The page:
Former Nissan boss Carlos Ghosn said Tuesday he had been "wrongly accused and unfairly detained" at a high-profile court hearing in Japan, his first appearance since his arrest in November rocked the business world. Entering the court handcuffed and with a rope around his waist, the once-revered titan of the auto industry mounted a passionate defence against a string of financial misconduct allegations. The 64-year-old was thinner -- his family says he has lost up to 20 kilogrammes (44 pounds) due to the rice-based diet in his Tokyo detention centre -- and his hair was greying. He appeared in a dark suit without a tie and wore dark green plastic slippers. "I have been wrongly accused and unfairly detained based on meritless and unsubstantiated accusations," he told the Tokyo District Court in a clear and steady voice.
Presiding Judge Yuichi Tada read out the charges against Ghosn and said he was being detained because he was a flight risk and there was a possibility he would conceal evidence. Go Kondo, one of Ghosn's lawyers, countered: "There is no risk that he will run away. He's CEO of French company Renault. He's widely known so it's difficult for him to escape." Ghosn is expected to be kept in custody until at least January 11. He faces a host of allegations of financial impropriety. Prosecutors have formally charged him over suspicions he under-declared some five billion yen ( 44 million) from his salary in documents to investors over five fiscal years from 2010 -- apparently to avoid accusations he was paid too much. Authorities also suspect he continued this scheme over the next three tax years, seeking to defer another four billion yen of his salary until after retirement.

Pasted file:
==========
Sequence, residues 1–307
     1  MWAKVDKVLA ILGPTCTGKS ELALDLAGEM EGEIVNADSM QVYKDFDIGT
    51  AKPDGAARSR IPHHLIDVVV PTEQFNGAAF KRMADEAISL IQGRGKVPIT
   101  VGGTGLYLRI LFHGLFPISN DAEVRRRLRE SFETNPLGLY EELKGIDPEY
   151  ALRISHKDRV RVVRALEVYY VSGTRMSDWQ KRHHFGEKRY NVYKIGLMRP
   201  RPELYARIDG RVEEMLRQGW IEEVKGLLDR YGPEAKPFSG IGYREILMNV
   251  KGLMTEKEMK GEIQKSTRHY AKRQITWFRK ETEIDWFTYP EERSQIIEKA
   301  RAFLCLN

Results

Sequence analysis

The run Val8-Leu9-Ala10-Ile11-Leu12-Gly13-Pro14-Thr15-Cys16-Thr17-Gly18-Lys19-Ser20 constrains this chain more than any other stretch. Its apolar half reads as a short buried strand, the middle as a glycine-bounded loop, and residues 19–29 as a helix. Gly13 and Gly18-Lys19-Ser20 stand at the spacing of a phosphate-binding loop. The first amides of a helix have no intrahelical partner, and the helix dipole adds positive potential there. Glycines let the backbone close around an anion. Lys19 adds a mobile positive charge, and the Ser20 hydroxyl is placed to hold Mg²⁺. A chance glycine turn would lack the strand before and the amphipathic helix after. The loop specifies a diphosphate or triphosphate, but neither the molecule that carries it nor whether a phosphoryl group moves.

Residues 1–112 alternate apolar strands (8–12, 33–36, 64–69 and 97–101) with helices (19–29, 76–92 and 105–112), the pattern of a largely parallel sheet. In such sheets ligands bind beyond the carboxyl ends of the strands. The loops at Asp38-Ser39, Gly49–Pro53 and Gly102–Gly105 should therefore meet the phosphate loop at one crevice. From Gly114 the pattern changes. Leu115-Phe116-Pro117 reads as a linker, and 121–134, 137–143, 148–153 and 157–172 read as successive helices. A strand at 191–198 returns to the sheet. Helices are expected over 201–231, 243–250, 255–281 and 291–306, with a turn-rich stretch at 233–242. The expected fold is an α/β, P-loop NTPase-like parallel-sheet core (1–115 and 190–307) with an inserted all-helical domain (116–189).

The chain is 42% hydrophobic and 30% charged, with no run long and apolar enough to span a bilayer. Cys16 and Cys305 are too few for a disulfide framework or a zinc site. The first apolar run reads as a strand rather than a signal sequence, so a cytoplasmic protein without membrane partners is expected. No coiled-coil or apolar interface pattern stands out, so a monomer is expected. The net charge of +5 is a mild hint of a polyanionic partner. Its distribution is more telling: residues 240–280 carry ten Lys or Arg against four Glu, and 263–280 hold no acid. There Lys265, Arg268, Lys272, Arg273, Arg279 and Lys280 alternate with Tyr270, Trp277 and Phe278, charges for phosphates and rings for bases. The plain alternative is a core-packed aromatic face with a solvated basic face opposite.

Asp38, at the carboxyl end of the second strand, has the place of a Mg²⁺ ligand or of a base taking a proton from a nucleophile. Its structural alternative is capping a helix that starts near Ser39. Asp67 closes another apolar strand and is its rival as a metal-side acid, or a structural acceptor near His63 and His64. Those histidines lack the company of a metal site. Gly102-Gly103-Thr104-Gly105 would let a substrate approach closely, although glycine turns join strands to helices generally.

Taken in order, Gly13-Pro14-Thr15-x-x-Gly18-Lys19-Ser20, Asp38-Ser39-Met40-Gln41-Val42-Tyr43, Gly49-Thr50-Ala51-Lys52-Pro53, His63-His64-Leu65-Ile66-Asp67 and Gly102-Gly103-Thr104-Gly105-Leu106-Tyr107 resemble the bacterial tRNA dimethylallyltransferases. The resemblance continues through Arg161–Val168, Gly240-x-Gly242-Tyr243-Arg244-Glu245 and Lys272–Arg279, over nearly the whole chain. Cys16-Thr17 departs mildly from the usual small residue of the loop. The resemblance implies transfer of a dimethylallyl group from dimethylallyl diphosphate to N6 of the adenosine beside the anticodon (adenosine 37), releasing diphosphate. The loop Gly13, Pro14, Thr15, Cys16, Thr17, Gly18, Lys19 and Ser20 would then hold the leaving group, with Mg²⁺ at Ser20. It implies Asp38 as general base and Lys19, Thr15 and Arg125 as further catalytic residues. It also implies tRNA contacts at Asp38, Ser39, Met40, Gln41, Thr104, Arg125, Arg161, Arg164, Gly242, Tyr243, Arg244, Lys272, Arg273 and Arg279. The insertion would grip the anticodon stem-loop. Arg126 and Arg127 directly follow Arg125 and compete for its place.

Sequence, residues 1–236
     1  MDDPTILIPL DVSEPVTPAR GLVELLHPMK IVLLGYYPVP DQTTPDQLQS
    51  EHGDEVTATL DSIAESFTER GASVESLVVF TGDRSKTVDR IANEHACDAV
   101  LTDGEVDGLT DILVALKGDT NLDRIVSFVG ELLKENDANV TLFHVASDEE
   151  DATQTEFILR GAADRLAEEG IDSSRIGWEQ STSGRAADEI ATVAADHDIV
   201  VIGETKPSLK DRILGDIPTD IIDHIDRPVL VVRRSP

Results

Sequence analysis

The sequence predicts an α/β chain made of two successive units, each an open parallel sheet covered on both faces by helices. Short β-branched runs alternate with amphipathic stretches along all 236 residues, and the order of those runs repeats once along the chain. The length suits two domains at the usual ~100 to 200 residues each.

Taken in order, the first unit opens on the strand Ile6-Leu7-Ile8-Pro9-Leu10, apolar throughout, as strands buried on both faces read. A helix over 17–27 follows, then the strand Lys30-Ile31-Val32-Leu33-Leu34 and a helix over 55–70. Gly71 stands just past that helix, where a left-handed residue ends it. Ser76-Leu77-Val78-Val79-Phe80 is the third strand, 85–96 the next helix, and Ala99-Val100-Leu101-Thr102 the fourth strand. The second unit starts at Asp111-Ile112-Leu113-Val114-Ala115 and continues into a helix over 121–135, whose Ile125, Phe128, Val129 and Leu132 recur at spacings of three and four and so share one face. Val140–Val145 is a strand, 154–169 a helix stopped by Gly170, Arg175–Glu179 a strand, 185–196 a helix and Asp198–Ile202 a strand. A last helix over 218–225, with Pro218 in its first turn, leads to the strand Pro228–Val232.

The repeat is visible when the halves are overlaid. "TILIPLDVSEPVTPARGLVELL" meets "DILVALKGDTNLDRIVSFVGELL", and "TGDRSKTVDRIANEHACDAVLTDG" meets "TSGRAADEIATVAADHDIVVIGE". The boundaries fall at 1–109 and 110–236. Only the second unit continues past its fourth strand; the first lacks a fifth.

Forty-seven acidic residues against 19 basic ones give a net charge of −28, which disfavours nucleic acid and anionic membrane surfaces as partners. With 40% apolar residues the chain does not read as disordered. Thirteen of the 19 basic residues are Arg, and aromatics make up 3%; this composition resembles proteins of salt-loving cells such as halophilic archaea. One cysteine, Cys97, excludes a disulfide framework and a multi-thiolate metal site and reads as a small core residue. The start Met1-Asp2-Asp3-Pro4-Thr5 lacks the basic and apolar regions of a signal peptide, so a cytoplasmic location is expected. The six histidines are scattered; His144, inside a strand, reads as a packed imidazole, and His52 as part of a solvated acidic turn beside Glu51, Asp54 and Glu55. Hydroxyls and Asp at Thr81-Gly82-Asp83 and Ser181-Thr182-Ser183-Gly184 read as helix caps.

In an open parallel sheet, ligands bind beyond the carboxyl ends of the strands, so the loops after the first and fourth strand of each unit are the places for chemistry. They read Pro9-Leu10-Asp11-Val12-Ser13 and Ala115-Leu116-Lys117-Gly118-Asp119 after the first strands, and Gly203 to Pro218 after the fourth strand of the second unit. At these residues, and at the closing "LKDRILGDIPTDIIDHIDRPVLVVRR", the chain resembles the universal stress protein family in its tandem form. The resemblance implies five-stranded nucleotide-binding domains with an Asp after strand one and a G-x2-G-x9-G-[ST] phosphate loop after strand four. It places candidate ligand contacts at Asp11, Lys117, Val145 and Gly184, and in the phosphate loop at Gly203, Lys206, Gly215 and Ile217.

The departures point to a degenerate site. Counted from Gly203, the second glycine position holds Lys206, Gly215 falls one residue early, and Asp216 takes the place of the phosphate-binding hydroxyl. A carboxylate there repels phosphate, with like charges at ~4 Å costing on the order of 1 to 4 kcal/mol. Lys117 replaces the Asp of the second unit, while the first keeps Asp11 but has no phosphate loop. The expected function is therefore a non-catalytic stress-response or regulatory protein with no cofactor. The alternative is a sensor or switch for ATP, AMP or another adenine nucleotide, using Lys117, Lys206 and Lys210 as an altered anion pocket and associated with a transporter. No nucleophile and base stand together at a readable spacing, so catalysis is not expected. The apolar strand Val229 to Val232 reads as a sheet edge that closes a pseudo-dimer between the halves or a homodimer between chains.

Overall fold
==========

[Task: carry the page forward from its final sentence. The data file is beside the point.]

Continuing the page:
A third, more complex, accusation is that he sought to shift personal foreign exchange losses onto Nissan's books and then paid a business contact from Saudi Arabia some 14.7 million -- supposedly from company funds -- who allegedly stumped up collateral for him. Ghosn has not been formally charged over the latter two allegations and systematically rebutted all of them in court. He added that Nissan never incurred any losses from his foreign exchange contracts and that the Saudi partner, Khaled Juffali, was "appropriately compensated" for "critical services that substantially benefited Nissan". A statement issued on behalf of Juffali's company, the first since the allegations emerged, said the compensation was for work done to benefit Nissan, including resolving a local business dispute and lobbying for the approval for a new plant in Saudi Arabia.
A towering figure in the auto industry, Ghosn is credited with turning around a struggling Nissan -- also giving him a high profile rare for foreign executives in Japan. He forged an unlikely three-way alliance between Mitsubishi Motors, Renault and Nissan that now outsells any other rival group. Ghosn said that reviving the fortunes of the Japanese firm was "the greatest joy of my life, next to my family". But his arrest has laid bare divisions in the tie-up. Nissan and Mitsubishi Motors promptly removed him as chairman whereas the French firm has kept him on while he fights the allegations. In an interview with AFP on the eve of the hearing, current Nissan CEO Hiroto Saikawa said of the partnership: "I don't think it's in danger at all.